Perpetual Polarity

This election cycle is a scary one. I feel like I belong in the Land of Oz saying “Ignorance, Socialism, and Debt…Oh my”. I have a theory (which probably isn’t original but I don’t feel like researching it) that I call the social pendulum theory. It posits that an allegedly free thinking society will remain centric, so long as it lacks any external forces to coerce its movement in one direction or another. In America, those forces are the 24 hour new cycle (with ignorant and one sided viewpoints from Foxnews, CNN, MSNBC, and the New York Times), civil rights “leaders” who feel a sense of anger when someone of a particular demographic is mistreated, or even vocal religious leaders who don’t accurately portray the perfect love and justice that they claim is real. I’m sure there’s more but I digress.

Nowadays it’s all too easy to focus on these negative voices, which exist for one purpose: to counteract and contradict each other. Like two magnets forcing an object to perpetually propel toward each other, our society is left feeling dizzy in the fray. It all began back in the 1980’s with the inception of the 24 hour news cycle (CNN). It was groundbreaking for its day and sharply heightened everyone’s acute awareness of the most minute details of the inner workings of our government. This is a good thing, right? We rapidly became aware of EVERYTHING wrong in our society’s construct. Then this great invention, the 24 hour news cycle, was hijacked by politicians as a platform for their talking points. It became a rallying point for an ideology. Slowly, over time, the minor differences of opinion between left and right, Democrat and Republican, conservative and liberal, became the great divide. Eventually, these newly divided sub-societies planted their flag in various outlets (Foxnews – Conservative and CNN, MSNBC, New York Times – Liberal) to serve as the official standard bearer for their cause like a real life Game of Thrones. This is where the pendulum comes into play.

Starting with Bill Clinton’s time in office, the country saw its rise in polarization. Bush II touted his platform as being vastly different than Clinton’s because, well that’s what catapulted his voice to the top. The pendulum, which was a few points to the left, was now a few more points right of center. Fast forward to Obama and we see the same scenario play out again. His views and opinions were so far to the left that it appealed to those being repelled by the recent conservative rhetoric.

Here we are in 2016 facing yet another circus election. Given how far to the left recently elected officials have been, those disenfranchised with that ideology have been galvanized by a rallying cry from the lunatic known as “The Donald”. In response to their ideology being threatened, the antithesis of Trump’s platform has been called to action. No, I’m not talking about Hillary. I’m talking about Bernie. There is so much overlap between these two candidates and their supporters, that it’s scary. Here’s a few:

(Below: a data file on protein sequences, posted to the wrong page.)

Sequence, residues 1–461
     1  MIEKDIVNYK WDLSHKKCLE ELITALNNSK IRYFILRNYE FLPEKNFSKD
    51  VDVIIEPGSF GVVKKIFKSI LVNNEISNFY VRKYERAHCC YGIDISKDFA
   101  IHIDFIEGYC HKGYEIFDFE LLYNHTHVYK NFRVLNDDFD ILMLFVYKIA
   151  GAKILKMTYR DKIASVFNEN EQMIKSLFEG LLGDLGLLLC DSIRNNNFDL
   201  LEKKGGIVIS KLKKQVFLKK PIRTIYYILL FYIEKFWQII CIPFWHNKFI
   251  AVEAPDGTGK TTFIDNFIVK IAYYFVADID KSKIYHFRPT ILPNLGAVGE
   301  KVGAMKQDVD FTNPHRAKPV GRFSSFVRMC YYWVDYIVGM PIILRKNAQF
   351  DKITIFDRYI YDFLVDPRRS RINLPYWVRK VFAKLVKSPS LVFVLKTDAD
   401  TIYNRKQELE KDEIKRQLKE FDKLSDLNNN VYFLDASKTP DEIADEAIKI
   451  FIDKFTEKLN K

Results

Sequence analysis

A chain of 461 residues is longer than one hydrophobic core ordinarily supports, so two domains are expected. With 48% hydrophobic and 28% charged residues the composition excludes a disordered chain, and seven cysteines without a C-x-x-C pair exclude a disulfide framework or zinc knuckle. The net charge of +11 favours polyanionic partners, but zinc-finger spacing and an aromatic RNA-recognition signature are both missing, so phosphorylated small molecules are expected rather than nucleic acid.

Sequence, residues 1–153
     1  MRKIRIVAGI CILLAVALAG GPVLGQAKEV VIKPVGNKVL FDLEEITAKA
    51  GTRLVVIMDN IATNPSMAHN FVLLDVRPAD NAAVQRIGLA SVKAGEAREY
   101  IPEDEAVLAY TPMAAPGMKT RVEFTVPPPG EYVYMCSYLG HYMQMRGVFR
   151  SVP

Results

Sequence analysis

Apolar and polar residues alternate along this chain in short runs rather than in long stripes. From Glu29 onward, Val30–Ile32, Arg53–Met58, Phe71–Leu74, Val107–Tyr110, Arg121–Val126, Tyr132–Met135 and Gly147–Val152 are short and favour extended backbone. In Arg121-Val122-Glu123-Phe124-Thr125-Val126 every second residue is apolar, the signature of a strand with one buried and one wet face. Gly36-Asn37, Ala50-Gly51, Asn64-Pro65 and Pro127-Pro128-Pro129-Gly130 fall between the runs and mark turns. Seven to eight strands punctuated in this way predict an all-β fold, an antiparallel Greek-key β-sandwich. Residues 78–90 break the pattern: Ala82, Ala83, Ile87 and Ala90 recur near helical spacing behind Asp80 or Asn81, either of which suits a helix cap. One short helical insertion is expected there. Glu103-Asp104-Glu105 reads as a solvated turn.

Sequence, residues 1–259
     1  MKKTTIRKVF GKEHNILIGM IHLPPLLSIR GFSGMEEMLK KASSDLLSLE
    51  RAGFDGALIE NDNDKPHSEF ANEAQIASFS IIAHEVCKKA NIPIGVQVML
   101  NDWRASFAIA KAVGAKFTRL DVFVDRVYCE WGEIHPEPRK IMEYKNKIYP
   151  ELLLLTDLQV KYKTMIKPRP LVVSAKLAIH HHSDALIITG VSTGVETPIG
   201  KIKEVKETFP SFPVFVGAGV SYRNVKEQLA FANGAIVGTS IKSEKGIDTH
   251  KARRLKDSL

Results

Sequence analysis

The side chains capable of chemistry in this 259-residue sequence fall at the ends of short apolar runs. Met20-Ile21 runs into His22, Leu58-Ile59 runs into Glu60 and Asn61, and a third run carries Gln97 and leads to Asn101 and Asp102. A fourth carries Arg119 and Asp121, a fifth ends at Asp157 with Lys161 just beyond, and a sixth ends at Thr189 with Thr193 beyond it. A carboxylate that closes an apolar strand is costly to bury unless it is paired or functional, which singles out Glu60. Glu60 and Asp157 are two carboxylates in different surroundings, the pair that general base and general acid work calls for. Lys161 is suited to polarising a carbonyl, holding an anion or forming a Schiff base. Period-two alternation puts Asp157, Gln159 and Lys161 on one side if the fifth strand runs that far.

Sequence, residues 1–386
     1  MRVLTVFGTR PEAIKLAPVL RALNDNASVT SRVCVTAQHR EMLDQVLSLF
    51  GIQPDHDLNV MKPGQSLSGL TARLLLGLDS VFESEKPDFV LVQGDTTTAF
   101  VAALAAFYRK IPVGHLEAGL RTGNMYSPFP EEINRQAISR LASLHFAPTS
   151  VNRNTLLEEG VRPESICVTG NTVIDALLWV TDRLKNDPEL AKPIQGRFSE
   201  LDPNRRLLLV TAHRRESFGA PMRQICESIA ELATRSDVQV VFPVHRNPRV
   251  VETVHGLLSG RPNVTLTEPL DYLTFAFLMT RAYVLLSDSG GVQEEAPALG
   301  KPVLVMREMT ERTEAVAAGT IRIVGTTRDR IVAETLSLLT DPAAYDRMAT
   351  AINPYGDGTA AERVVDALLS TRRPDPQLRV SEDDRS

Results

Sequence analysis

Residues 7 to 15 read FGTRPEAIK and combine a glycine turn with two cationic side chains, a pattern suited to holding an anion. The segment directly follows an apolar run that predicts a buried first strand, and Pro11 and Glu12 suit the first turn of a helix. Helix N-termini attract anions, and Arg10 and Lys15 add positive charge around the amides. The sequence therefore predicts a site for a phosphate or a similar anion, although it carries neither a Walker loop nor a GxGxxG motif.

Trump                                                                              Sanders

Expressing anger towards immigrants             Expressing anger towards the rich

0 experience in government                                 0 experience in business

Extreme views on economics                               Extreme views on economics

Supported by ignorance                                         Supported by ignorance

Message of division                                                 Message of division

Bad foreign policies                                                 Bad foreign policies

I believe the biggest concern to the future of the US is not ISIS. It’s not Russia. It’s not even our debt (even though it’s worse than a 10 year college grad with no job, living in his parents’ basement). It’s our polarity. When our pride causes us to react to the issues at hand by shoring up support and preparing for war, then we’re doing it wrong. Discussing the issues of immigration, abortion, terrorism, and basic civil rights should encourage candid conversations, not stop that dialogue in its tracks like a 7 car pile-up on the Don Holt Bridge.

In this election cycle, there are many voices out there crying for attention like a child without his toy. There are many wagging fingers who claim to have the answer. Here’s a little secret: None of them have the answer. It doesn’t matter if you support one of the outlying candidates who are offering something radically different from what we currently have, or one of the more moderate candidates who offer much of the same. None of them have the answer because all of them use our differences for their gain.

Here’s a few tips on how to navigate these tricky times:

  1. Be Discerning. Consider whether the candidate you support truly supports a unified America, or simply appeals to your demographic.
  2. Choose Love. I once heard a child psychologist say that the goal of parenting, even in disciplining, needs to be connection. The same holds true for adulthood. When you disagree with someone, the goal should always be to maintain that connection or relationship in spite of the differences.
  3. Be Grateful. It’s way too easy to blame immigrants or Wall Street for our problems. At least, it’s far easier than to own our portion of the blame. Practice the art of being grateful for what you have, and for the inalienable right to pursue more of it.

 

If we practice these 3 points I believe it will help the pendulum stop swinging so wildly out of control so we can make some real progress on tackling the real issues.

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